The master of quirky rhymes and fantastic illustrations lives on.
It's 75 years since Dr Seuss published his first book and since then a whopping 600 million copies have been sold worldwide - not bad for a guy voted least likely to succeed at his college in New Hampshire.
Dr Seuss (pronounced "zoice") was born Theodore Seuss Geisel and displayed his quirky, maverick personality early. An art school drop-out, he was caught drinking illegally at Dartmouth College in New Hampshire and later at Oxford University he dropped out of his literature studies to become a cartoonist.
His first book under the name of Dr Seuss, And To Think That I Saw It On Mulberry Street, was repeatedly rejected by publishers. The exact number of rejection letters is unclear as Ted Geisel liked to embellish the truth and the versions of his back story were many and varied.
"You never got a straight answer out of him," says Susan Brandt, president of Dr Seuss Enterprises. "He was kind of a goofball."
But while Dr Seuss towers like a giant in the world of children's literature he was actually a very shy man, particularly if he had to face a room full of children. Ted, who had no kids of his own, felt intimidated, afraid he would disappoint them by his ordinariness.
But within his inner circle he liked to act up, playing practical jokes on his friends and throwing famous dinner parties where guests had to each wear a different hat.
He loved hats and, according to the folklore, identified strongly with the Cat in the Hat. His editor Michael Frith once said, "The Cat in the Hat and Ted Geisel were the same. This is someone who delighted in the chaos of life, who delighted in the seeming insanity of the world around him."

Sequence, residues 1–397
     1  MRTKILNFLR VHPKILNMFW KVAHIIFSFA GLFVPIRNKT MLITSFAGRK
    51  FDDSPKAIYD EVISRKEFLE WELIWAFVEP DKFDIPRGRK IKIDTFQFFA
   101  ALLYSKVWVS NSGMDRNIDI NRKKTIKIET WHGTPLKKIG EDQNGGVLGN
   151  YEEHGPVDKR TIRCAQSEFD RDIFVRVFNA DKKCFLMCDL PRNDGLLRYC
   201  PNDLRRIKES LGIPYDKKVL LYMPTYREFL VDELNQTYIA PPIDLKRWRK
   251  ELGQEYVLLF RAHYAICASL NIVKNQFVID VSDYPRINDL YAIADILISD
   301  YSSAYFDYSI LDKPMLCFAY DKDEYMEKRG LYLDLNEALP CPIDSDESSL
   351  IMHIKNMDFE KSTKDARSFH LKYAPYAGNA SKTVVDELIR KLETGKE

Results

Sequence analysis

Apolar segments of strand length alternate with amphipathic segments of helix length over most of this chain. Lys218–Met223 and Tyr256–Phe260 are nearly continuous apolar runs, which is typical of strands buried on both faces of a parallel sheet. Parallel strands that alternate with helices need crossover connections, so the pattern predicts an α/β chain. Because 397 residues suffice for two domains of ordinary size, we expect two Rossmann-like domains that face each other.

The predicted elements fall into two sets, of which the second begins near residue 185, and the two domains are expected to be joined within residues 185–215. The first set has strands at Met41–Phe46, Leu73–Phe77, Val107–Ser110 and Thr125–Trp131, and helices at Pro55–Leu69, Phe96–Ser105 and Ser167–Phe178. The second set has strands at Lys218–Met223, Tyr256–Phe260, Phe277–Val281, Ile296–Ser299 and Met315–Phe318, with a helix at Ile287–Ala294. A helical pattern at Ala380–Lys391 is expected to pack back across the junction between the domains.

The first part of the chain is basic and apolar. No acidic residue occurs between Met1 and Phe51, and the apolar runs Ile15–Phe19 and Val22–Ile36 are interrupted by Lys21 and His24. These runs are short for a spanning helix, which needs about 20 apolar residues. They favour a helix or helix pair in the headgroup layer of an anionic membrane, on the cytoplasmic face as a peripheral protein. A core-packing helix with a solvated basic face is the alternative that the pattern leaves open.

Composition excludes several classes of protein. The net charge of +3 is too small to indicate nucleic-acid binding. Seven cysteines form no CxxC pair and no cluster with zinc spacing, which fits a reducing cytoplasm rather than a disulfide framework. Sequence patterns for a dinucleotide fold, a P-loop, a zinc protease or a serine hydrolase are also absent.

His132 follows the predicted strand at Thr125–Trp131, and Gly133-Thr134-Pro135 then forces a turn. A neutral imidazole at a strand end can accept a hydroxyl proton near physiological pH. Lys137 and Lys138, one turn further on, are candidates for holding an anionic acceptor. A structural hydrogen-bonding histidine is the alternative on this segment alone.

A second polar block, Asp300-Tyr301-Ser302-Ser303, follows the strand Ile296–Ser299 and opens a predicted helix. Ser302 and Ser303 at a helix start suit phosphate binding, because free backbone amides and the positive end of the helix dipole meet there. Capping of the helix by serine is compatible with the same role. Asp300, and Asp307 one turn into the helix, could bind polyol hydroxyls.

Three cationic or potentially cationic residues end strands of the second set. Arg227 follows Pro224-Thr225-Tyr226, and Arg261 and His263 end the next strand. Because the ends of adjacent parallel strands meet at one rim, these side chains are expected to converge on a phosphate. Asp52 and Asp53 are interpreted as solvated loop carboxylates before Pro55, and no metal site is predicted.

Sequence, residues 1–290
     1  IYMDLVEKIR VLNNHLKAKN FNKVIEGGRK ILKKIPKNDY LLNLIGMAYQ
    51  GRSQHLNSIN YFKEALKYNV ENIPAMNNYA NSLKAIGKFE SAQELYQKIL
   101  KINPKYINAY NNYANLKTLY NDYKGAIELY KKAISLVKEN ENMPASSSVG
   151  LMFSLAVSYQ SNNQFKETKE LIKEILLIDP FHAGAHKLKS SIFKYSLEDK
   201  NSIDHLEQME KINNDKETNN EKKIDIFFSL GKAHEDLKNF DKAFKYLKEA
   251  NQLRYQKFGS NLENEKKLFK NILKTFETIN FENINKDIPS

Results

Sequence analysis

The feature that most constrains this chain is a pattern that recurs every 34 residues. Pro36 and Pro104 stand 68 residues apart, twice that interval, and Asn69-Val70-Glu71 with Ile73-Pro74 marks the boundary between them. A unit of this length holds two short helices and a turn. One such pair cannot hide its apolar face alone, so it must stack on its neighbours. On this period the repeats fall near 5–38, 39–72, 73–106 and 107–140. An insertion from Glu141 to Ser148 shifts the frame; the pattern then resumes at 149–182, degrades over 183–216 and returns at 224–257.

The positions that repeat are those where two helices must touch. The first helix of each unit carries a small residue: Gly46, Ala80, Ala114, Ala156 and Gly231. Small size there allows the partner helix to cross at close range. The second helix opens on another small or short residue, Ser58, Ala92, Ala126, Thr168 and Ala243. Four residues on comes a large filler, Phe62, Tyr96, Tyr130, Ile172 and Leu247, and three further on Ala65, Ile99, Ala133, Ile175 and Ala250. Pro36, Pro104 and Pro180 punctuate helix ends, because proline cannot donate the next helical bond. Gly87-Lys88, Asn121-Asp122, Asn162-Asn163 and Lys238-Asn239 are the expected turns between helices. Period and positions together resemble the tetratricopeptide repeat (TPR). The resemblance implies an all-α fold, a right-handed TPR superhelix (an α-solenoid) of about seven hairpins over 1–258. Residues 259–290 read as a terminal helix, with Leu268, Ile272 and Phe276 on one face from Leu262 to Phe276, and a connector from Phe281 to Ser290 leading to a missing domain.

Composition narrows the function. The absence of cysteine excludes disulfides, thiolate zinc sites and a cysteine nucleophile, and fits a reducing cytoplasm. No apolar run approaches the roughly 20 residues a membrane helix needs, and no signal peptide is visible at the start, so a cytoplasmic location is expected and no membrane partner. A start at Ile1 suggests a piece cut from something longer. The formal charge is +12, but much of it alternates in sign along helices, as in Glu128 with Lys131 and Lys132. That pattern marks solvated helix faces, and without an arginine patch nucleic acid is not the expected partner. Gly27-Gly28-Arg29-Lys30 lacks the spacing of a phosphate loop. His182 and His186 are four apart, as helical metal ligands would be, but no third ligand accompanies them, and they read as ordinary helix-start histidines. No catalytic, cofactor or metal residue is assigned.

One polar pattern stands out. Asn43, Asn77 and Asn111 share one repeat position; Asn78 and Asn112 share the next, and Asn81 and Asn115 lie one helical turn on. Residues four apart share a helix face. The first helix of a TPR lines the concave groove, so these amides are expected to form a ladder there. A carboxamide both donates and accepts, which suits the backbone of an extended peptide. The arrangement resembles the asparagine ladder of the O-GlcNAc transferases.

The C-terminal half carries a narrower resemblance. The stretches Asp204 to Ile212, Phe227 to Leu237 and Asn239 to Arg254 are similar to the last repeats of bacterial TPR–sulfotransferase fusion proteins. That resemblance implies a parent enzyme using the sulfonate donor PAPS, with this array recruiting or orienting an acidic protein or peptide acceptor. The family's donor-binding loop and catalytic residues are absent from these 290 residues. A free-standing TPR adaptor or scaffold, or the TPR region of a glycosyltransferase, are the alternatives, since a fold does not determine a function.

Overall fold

He may have loved it but he also tried to bring change and highlight injustices through his books. Many of them, such as The Lorax and Yertle the Turtle, have a strong message but Ted went to great lengths to avoid preaching to children, as he said, kids could see a moral coming a mile off.
"He always worried about being too preachy," says Susan. "But he had so much that he wanted to share, and if he did it in an engaging, whacky, fun way the kids would get the message."
Since his death at age 87 in 1991 his widow Audrey, herself now 90, has been at the helm and makes sure things are done in the way Ted would have wanted them done.
Audrey is even involved in the casting for Seuss movies, and was pleased as punch to see Danny DeVito cast as the Lorax in the movie of the book, due for release this March.
Like Ted before them, the Dr Seuss team routinely rejects deals that don't preserve the magic of Seuss. "It's about making sure that bond and specialness continues to exist for every generation," says Susan.